Set in a small Midwestern college town, the play though well written does not seem real. Had this ménage-a-trois been located in NYC’s Greenwich Village or Chelsea, one wouldn’t find it so implausible. Additional items also damage credibility. Although it is not clear in the play, the script states that the three live in faculty housing at a small all women’s college. More and more strange.
Julian, an English professor and failed writer, and Agnes, a magazine editor, live together with Sally, an elementary school teacher. Sally’s daughter Reggie who she gave up to her now ex-husband when she moved in with them ten years before now lives in the college dormitory though she is bored by her studies. Reggie’s blue collar boyfriend Dale, a high school dropout, begins taking lessons from Sally to obtain a GED. Things begin to go wrong when Julian is accused of sexual harassment from a female colleague and Dale comes on to Sally. To complicate things further, Agnes is offered her dream job but it means moving to New York City. Then it transpires that the three had to move away from NYC for a similar incident there a decade before in Julian’s past. It is hard to believe that small town America is so forgiving.
While Harms has a fine ear for dialogue, the play moves by revelation and incident. Consequently, it plays like a sophisticated soap opera as every scene brings a new wrinkle not previously suggested. Drew Foster’s direction is smooth and polished but he can’t prevent the play’s plot from having too many incidents that aren’t foreshadowed. Steven Hauck, Elizabeth Rich and Amy Bodnar are charming in a worldly, cultivated way. However, we learn so little about each of them other than how events affect them that they seem one-dimensional. Important facts are left out: what is the rooming situation, are Julian and Agnes married, etc.? The sexual tension is clearly defined: dancing seems to be foreplay to sex. But one can’t live on love alone.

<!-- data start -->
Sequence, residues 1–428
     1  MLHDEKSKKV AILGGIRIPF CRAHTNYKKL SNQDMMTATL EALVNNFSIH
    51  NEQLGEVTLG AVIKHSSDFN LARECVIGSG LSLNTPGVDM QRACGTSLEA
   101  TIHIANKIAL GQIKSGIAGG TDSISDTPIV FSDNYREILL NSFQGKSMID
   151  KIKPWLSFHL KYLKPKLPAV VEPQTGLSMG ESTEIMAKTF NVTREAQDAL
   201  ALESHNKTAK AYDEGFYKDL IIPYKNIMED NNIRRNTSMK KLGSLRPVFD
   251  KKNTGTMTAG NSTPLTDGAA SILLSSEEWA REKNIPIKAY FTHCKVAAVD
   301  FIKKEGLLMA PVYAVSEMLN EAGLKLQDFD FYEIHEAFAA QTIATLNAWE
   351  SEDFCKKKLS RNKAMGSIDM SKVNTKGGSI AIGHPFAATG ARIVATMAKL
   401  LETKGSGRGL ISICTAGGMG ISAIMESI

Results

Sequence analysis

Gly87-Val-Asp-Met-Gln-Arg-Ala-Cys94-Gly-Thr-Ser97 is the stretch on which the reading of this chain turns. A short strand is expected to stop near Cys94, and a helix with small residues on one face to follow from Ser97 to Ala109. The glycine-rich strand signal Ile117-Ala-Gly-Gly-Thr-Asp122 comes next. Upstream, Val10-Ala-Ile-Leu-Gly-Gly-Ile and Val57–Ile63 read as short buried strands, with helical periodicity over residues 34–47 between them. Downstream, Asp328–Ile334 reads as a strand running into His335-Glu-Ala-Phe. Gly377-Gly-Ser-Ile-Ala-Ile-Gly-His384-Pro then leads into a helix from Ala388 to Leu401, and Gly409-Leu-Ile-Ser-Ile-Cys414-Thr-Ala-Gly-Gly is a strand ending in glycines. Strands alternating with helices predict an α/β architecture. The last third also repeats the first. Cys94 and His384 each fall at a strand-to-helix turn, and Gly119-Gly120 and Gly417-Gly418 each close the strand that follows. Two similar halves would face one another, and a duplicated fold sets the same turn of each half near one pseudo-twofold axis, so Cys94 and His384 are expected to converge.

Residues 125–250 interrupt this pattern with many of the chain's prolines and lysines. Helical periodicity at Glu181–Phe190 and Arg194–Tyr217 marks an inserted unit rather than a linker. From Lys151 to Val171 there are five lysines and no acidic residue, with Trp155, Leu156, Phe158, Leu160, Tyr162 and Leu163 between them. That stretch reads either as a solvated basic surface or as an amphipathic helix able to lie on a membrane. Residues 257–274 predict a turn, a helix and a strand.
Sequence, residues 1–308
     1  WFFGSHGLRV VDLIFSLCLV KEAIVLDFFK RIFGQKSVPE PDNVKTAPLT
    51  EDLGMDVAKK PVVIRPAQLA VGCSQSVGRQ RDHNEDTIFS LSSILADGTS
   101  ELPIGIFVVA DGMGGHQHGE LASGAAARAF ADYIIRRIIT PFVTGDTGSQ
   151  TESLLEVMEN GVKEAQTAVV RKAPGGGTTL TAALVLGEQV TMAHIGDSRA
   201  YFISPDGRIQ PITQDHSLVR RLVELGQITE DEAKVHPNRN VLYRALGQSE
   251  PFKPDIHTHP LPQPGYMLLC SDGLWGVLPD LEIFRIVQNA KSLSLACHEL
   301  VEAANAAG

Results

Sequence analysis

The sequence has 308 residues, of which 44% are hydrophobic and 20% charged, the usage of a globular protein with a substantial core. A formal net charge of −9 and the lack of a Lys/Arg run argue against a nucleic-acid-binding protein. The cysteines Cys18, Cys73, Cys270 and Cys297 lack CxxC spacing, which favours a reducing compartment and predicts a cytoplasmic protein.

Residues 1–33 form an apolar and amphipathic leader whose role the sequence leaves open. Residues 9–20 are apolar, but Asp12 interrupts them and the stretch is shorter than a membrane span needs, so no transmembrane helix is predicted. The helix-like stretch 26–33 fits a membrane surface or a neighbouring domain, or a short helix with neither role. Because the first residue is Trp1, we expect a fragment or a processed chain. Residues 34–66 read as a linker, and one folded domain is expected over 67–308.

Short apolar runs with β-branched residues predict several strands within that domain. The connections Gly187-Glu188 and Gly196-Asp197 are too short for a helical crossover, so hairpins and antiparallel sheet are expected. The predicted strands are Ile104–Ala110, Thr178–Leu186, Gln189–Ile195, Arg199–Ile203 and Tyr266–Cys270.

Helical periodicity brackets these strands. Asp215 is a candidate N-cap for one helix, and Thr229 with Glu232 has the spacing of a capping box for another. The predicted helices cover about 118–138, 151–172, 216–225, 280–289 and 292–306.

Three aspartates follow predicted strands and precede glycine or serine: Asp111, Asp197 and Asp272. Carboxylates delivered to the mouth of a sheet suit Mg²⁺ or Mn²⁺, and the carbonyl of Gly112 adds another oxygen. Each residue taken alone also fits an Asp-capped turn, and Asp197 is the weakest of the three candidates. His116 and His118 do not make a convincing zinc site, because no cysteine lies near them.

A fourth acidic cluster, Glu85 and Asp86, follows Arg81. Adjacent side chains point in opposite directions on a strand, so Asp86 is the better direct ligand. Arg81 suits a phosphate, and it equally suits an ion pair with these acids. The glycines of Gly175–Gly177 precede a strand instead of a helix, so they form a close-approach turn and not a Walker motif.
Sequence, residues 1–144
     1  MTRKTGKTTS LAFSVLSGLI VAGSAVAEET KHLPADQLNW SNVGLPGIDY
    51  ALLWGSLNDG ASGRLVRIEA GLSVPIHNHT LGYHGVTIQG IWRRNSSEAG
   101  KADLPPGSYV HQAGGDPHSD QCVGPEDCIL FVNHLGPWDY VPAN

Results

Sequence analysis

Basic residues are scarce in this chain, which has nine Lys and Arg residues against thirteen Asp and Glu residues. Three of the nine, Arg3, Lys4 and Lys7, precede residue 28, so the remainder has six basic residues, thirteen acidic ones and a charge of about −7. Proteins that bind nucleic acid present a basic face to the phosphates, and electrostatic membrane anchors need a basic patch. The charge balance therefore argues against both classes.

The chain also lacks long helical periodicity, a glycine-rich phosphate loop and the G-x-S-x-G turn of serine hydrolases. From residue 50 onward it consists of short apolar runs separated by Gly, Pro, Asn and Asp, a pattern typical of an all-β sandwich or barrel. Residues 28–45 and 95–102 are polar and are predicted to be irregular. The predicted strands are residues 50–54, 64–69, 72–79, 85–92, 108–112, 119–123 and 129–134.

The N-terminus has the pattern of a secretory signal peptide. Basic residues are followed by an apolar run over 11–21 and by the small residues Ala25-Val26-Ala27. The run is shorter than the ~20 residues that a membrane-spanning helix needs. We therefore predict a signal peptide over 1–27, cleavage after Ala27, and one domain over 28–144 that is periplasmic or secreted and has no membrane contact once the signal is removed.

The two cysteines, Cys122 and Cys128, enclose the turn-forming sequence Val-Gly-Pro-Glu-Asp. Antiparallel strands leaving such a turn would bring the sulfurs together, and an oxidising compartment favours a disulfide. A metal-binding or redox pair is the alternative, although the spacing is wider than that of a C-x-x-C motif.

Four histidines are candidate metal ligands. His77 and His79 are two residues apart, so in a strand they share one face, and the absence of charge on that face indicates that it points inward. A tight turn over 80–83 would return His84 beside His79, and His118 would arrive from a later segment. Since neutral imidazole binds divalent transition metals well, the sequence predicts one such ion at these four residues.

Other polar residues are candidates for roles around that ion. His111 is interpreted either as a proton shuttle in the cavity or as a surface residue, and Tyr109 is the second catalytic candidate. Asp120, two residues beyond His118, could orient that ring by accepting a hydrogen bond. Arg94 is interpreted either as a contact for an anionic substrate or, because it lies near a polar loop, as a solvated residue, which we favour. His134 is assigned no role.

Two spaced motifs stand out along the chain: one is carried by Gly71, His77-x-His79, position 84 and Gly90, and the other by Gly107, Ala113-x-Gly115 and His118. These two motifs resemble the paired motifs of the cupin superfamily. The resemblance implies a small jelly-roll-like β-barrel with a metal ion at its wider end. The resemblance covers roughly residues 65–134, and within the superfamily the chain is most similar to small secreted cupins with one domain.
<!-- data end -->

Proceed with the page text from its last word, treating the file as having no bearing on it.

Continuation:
In the best written role, Brandon Espinoza as the young stud who is satisfied with his dead-end job as a night porter is excellent. Kerry Warren does what she can with the flatly written role of Reggie, Sally’s daughter, since all we learn about her is that she bored with her studies and most of the men she meets.
Deb O’s unit set works for all of the play’s several scenes but is distractingly wall-papered with manuscript pages or possibly student assignments that are intended as an unexplained metaphor. (No one in the play actually seems to have time to mark any papers with all of the emotional angst going on, nor are they as intellectual as the walls would suggest.) Gregory Gale’s contemporary costumes have the lived in look of real clothing off of the rack. The original piano music by Erik T. Lawson gives the play a worldly air that is partly missing from the script. The lighting by Paul Miller & Joe Beumer is suitable but never suggests the cozy, warm evenings at home that theplay depicts in most of its scenes.
David Harms’ What We Wanted suggests that we never know what we have until we lose it. However, the melodramatic plot devices damage our belief in the situation and the setting. Don’t blame the actors who do their utmost to make their hedonistic characters real.
What We Wanted (through January 15, 2016)
Skyhook Productions with Divino Productions
The Clurman Theatre, 410 W. 42nd Street, in Manhattan
For tickets, call at 212-239-6200 or visit http://www.Telecharge.com
Running time: one hour and 50 minutes with no intermission